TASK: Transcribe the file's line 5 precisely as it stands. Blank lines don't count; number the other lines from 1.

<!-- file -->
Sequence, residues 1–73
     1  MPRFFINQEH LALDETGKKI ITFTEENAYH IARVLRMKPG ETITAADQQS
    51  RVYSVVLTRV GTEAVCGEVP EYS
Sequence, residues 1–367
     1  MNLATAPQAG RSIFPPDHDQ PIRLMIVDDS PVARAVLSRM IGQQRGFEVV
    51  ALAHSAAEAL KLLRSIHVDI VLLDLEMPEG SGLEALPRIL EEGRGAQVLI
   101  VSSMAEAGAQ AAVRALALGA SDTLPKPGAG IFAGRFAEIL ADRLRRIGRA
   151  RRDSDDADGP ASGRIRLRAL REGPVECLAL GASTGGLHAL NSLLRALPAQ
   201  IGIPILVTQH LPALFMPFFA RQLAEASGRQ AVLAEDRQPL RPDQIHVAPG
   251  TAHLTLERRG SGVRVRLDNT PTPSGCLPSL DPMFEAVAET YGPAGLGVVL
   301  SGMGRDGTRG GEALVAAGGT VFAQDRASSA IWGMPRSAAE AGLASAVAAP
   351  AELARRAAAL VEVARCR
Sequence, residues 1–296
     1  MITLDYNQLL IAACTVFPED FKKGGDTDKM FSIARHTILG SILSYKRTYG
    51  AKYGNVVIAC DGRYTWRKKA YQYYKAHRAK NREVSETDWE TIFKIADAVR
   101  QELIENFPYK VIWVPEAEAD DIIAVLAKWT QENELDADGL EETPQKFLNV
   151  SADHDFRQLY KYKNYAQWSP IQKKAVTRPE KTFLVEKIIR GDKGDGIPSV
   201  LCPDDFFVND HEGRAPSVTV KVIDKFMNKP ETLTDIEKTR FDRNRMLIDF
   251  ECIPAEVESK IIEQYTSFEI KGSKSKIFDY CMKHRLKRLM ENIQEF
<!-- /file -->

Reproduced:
     1  MNLATAPQAG RSIFPPDHDQ PIRLMIVDDS PVARAVLSRM IGQQRGFEVV